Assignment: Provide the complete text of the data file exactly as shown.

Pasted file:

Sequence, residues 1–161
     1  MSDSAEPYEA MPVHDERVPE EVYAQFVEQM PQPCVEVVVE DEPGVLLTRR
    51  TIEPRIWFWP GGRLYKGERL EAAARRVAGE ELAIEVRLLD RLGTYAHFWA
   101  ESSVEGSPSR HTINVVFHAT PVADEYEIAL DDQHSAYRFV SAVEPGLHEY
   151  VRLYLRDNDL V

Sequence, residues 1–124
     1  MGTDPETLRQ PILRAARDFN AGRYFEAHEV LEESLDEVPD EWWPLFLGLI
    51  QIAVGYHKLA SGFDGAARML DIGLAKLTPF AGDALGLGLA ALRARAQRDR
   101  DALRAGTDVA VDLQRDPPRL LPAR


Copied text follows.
Sequence, residues 1–161
     1  MSDSAEPYEA MPVHDERVPE EVYAQFVEQM PQPCVEVVVE DEPGVLLTRR
    51  TIEPRIWFWP GGRLYKGERL EAAARRVAGE ELAIEVRLLD RLGTYAHFWA
   101  ESSVEGSPSR HTINVVFHAT PVADEYEIAL DDQHSAYRFV SAVEPGLHEY
   151  VRLYLRDNDL V

Sequence, residues 1–124
     1  MGTDPETLRQ PILRAARDFN AGRYFEAHEV LEESLDEVPD EWWPLFLGLI
    51  QIAVGYHKLA SGFDGAARML DIGLAKLTPF AGDALGLGLA ALRARAQRDR
   101  DALRAGTDVA VDLQRDPPRL LPAR